Tragic comedy

I found this story amusing though I suppose for the wrong reasons. 

Yaakov, a farmer living in Israel’s Galilee region, was giving a tour of his farm to his new mother-in-law. The newlywed farmer genuinely tried to be friendly to his new mother-in-law, hoping that it could be a friendly, non-antagonistic relationship. All to no avail though, as she kept nagging him at every opportunity, demanding changes, offering unwanted advice, and generally making life unbearable for Yaakov and his new bride.

When they were walking through the barn, Yaakov’s  mule suddenly reared up and kicked the mother-in-law, killing her instantly. It was a shock to all no matter their feelings towards her.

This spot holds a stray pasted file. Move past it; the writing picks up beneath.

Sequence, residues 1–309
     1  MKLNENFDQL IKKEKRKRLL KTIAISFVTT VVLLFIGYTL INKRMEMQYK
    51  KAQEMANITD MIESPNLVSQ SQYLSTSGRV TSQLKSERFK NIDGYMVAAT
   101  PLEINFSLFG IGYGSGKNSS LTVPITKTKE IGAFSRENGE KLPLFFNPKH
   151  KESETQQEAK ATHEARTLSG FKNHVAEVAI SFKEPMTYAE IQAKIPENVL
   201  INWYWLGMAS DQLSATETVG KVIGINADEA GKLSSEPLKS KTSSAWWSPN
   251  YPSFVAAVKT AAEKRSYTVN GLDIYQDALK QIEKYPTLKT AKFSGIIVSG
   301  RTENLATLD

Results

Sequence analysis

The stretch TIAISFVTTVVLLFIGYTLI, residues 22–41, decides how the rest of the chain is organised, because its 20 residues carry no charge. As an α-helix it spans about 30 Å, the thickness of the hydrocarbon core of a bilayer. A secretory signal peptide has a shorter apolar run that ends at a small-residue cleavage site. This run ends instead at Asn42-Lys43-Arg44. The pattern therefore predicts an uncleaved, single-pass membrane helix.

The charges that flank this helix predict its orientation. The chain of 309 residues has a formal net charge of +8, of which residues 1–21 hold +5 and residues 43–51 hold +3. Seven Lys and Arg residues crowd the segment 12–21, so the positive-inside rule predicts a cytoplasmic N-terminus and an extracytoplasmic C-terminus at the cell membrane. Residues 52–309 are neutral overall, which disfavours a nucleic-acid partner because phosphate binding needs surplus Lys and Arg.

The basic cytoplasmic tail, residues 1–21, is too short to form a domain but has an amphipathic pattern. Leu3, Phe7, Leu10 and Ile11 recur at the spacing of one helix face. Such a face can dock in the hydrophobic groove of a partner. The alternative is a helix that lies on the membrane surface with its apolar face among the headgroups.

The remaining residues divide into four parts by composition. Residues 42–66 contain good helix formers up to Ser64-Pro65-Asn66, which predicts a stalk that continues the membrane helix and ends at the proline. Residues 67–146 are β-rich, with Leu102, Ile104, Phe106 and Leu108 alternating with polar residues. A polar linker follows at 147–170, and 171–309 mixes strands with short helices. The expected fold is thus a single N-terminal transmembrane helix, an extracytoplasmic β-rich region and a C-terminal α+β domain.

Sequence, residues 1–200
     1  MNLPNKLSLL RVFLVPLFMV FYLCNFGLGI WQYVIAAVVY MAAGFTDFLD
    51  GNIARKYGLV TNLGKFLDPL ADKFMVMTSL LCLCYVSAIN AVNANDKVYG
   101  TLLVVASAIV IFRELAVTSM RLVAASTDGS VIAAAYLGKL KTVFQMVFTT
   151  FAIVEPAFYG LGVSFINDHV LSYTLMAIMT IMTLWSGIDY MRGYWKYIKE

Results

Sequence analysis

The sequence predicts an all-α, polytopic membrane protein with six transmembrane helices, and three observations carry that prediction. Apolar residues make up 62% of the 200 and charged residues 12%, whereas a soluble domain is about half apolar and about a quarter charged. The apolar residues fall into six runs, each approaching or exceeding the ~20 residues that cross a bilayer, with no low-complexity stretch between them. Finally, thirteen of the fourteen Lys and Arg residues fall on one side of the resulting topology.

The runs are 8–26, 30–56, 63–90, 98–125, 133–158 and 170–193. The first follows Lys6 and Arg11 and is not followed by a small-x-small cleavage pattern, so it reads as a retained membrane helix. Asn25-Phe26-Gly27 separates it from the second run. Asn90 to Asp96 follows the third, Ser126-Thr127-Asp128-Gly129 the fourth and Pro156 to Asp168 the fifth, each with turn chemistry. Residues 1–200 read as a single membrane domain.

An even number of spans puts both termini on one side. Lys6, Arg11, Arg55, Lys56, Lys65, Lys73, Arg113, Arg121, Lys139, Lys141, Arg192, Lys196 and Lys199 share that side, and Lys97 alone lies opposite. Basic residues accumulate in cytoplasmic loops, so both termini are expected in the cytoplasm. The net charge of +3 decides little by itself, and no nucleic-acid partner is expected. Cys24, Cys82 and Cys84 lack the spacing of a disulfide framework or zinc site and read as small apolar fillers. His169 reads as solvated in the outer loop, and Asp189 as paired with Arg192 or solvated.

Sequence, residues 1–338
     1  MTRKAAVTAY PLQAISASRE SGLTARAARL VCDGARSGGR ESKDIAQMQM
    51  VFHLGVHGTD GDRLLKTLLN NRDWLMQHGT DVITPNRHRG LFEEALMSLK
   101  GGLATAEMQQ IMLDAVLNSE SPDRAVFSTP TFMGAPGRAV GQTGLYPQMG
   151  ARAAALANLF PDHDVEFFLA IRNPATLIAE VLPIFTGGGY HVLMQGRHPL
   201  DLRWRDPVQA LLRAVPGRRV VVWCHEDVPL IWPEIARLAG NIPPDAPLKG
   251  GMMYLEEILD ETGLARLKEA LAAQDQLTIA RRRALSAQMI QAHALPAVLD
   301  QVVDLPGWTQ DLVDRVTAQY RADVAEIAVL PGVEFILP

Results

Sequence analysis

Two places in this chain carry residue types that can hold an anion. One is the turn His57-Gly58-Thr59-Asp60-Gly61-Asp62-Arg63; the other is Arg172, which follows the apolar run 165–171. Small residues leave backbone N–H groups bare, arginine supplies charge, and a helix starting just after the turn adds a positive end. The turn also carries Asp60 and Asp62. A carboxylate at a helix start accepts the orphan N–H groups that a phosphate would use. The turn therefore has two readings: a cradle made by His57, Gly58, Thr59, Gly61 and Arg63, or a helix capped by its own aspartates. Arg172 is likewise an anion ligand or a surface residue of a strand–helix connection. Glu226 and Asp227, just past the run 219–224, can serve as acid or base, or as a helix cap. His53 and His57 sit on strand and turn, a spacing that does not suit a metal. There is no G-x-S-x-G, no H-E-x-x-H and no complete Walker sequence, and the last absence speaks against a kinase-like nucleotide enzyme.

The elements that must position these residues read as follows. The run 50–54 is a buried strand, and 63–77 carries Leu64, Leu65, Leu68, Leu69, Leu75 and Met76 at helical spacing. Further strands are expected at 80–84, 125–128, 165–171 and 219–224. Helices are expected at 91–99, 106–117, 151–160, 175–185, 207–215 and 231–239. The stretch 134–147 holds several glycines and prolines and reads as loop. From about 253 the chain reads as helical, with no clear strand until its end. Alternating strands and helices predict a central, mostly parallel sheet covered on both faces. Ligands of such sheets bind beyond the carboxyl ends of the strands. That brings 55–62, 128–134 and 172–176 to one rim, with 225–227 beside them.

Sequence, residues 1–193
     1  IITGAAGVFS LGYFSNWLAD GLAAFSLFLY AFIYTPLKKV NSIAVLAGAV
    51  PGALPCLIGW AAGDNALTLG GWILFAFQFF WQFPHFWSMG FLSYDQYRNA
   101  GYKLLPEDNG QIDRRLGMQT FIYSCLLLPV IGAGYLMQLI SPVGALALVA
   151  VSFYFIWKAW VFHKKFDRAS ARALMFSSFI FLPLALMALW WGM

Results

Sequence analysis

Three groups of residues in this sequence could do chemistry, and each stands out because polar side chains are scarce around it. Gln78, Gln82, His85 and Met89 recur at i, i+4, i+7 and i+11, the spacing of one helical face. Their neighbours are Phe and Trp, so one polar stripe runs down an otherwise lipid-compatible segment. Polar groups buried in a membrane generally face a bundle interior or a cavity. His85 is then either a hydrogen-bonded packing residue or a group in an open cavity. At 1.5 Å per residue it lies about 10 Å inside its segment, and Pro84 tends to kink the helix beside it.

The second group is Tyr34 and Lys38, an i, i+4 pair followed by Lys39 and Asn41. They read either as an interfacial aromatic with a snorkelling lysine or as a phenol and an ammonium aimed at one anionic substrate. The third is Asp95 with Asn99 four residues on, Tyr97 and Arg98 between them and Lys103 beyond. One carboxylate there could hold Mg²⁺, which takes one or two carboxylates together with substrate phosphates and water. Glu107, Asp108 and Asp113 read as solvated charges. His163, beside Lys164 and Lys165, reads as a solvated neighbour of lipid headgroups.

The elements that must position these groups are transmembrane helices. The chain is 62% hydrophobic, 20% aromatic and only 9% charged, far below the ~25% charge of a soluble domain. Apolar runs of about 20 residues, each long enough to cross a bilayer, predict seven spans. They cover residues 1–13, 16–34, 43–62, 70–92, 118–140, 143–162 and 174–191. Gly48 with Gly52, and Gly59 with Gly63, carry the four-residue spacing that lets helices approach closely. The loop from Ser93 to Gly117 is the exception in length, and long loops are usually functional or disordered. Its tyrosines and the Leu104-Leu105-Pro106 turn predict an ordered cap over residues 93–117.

At the funeral services, Yaakov and his wife sat as well-wishers paid their respects. The rabbi, however, noticed that whenever a woman would whisper something to Yaakov he would nod his head “yes,” and say something. Whenever a man walked by and whispered to Yaakov,  however, he would shake his head “no,” and mumble a reply.

Very curious as to this bizarre behavior, the rabbi later ask Yaakov what that was all about.

Yaakov replied, “the woman would say, what a terrible tragedy, and I would nod my head and say, ‘yes it was.’ The men would then ask, ‘can I borrow that mule?’  And I would shake my head and say, can’t. It’s all booked up for a year”

Excerpt from  Experiencing Spirituality: finding meaning through storytelling by Ernest Kurtz

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2 Responses to Tragic comedy

  1. Jan Morrill says:

    Haha! Yes, clever and funny. 🙂

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